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923,300
21,526,050.00
Funding and Investment Opportunities
At the time of drafting the business plan the following table details the status funding.
Funder
Amount
Budgeted
R2,000,000
Year 1
R3,000,000
Year 2
Amount
Required
R2,765,200
Year 1
R3,771,180
Year 2
JDA
R2,000,000
Year 3
R0
Year 3
JPC
R3,250,000
Year 1
R3,971,000
Year1
JPC
R0
Year 2
R230,000
Year 1
R1,966,000
Year 2
R450,000
Year 1
R210,000
Year 2
R720,000
Year 1
R720,000
Year 1
R0
Year 2
R0
Year 1
R0
Year 1
Funders
R650,000
Year 2
R0
Year 2
Private Investor
R2,300,000
R0
Year 1
JDA
JDA
EDU
EDU
City of
Johannesburg
Funders
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Comments
Funding is confirmed but is short
of required amount by R765,200
Funding is budgeted but not
confirmed and is R771,180 short
of required amount
Funding is budgeted but not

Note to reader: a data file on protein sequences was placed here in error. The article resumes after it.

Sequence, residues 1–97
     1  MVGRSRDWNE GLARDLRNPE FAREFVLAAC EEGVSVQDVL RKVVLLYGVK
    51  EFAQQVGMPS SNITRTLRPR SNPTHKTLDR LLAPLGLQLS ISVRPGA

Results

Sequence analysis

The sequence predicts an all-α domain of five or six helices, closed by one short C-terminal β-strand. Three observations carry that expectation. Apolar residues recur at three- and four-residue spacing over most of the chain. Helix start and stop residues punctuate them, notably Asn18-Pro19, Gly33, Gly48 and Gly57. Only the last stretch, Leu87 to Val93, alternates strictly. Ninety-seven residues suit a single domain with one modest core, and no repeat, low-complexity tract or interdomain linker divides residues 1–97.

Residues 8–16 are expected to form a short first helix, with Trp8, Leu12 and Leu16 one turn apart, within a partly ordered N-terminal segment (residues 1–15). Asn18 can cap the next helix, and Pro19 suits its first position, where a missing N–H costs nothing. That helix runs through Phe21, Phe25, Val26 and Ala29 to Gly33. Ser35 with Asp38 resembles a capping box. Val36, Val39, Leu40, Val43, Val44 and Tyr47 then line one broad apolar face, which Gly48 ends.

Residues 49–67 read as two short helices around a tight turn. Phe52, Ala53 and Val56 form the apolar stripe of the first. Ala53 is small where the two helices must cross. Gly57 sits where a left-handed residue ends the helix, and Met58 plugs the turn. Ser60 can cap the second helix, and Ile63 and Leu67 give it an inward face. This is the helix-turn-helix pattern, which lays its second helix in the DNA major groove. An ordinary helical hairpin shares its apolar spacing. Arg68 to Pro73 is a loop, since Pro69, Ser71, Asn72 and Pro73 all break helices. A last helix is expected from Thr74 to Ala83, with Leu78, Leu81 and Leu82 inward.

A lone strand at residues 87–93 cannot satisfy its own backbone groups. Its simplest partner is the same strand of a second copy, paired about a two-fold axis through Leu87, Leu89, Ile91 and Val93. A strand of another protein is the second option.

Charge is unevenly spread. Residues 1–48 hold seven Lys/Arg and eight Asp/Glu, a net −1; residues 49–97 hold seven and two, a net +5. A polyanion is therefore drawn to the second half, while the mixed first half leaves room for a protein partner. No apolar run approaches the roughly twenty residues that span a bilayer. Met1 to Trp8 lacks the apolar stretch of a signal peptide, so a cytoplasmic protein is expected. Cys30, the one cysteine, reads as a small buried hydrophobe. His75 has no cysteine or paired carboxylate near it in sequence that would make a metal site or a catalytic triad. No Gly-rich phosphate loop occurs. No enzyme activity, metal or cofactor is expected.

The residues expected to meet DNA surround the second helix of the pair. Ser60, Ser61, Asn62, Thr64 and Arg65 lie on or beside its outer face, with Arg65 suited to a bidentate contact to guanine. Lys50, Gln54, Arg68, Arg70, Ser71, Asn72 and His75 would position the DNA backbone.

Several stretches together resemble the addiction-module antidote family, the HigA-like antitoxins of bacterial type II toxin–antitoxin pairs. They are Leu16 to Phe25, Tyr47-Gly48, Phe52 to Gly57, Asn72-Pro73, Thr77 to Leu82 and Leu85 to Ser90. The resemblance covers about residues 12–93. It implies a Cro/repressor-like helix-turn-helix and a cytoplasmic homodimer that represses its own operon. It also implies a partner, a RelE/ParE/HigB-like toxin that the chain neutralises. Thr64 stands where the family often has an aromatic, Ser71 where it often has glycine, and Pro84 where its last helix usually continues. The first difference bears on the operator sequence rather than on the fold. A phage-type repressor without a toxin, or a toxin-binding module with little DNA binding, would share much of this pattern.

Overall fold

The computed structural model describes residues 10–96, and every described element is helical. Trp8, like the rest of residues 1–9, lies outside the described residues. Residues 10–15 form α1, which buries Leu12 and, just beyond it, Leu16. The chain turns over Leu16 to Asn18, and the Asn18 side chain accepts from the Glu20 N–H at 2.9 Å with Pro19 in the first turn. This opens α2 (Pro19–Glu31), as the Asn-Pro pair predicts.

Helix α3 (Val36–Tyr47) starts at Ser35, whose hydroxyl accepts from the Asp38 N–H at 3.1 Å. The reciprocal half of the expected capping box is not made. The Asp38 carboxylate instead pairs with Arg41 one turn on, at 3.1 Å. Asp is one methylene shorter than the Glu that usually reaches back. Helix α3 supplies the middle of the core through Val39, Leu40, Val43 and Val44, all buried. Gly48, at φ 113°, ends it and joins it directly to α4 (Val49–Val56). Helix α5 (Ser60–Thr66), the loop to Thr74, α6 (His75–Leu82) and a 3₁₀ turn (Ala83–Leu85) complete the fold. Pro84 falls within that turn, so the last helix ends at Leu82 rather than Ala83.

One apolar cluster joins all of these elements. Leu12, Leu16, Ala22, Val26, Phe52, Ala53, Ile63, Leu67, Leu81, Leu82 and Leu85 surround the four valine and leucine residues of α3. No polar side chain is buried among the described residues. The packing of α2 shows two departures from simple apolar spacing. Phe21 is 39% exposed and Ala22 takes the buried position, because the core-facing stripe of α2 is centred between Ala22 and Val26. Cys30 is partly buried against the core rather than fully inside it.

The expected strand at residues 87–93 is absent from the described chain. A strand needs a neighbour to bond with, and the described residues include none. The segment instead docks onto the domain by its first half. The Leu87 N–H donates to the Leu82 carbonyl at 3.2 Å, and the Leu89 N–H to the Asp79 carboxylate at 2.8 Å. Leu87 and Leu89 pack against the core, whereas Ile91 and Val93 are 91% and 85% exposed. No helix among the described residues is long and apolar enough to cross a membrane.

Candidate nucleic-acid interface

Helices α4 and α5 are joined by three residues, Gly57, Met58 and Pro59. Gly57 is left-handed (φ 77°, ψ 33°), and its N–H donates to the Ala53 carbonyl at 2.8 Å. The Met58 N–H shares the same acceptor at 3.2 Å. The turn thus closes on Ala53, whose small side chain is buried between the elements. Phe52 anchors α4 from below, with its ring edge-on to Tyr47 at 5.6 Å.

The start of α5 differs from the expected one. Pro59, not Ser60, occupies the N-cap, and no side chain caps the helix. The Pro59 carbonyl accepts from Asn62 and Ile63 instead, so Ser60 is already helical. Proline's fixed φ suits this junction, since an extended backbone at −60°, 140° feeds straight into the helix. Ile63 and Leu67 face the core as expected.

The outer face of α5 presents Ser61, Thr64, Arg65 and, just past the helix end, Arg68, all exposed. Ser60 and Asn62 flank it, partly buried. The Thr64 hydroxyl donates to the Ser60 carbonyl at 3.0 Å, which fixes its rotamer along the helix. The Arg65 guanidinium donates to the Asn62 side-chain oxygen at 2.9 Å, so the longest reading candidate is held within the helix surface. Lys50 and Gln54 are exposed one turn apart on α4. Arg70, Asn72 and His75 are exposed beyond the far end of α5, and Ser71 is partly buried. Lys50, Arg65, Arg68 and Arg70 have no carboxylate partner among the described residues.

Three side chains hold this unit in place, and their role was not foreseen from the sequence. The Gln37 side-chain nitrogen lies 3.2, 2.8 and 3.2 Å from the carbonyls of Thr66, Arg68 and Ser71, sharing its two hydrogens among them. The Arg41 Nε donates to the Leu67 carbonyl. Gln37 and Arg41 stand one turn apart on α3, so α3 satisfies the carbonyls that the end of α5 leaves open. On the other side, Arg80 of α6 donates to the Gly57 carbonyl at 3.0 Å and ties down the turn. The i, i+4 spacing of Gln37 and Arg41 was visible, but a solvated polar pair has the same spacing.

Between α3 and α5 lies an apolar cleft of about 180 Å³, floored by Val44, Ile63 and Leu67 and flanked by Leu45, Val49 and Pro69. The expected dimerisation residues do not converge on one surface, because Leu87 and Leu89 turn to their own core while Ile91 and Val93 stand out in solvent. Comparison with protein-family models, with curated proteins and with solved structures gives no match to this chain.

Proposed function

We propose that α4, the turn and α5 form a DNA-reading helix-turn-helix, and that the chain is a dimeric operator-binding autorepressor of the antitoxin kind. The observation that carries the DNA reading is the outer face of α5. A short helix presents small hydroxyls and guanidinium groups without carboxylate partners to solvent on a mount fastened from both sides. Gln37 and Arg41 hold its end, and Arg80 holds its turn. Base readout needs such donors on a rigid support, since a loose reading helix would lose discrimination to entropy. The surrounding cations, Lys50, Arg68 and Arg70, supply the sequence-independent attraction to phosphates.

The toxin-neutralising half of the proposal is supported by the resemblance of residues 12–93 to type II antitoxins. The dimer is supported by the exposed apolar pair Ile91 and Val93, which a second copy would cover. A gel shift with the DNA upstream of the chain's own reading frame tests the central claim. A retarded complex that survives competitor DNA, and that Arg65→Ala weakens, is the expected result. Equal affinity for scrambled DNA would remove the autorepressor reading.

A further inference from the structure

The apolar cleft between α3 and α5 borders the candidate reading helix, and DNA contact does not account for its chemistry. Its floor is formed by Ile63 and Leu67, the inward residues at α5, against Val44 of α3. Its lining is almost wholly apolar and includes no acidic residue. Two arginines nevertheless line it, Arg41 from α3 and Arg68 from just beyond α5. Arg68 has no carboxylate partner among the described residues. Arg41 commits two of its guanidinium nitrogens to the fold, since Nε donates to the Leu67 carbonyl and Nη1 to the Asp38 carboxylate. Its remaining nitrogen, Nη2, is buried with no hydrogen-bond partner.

confirmed and is R2, 000,000
more than required. As such
JDA is within the overall
anticipated budget but the timing
of draw down is not currently
optimal.
Funding is confirmed but is
nominally R721, 000 short,
however some of the expenses
allocated to the JHC (namely
better building are budgeted for
and would not form part of the
R3, 250,000 detailed.
Funding has not been budgeted
at this stage.
Funding is confirmed and has
been transferred to the JDA, but
is short of the required amount.
Some of the short fall can be
made up if EDU directs its
funded business service
providers to target the
businesses in the district.
Funding has not been budgeted
at this stage.
Funding has not been budgeted
at this stage.
Commark and DTI (Ntsika) are
to be requested to fund these
costs
Commark and DTI (Ntsika) are
to be requested to fund these
costs
If there is no private sector
investment the related expense
line will fall away and the budget
will re-balance. As such this line
item reflects the intended
R1,700,000
Year 2
R0
Year 2
investment geared from private
property developments.
Investment may follow a slower
time line but will also not effect
the overall balancing of the
budget.
As above.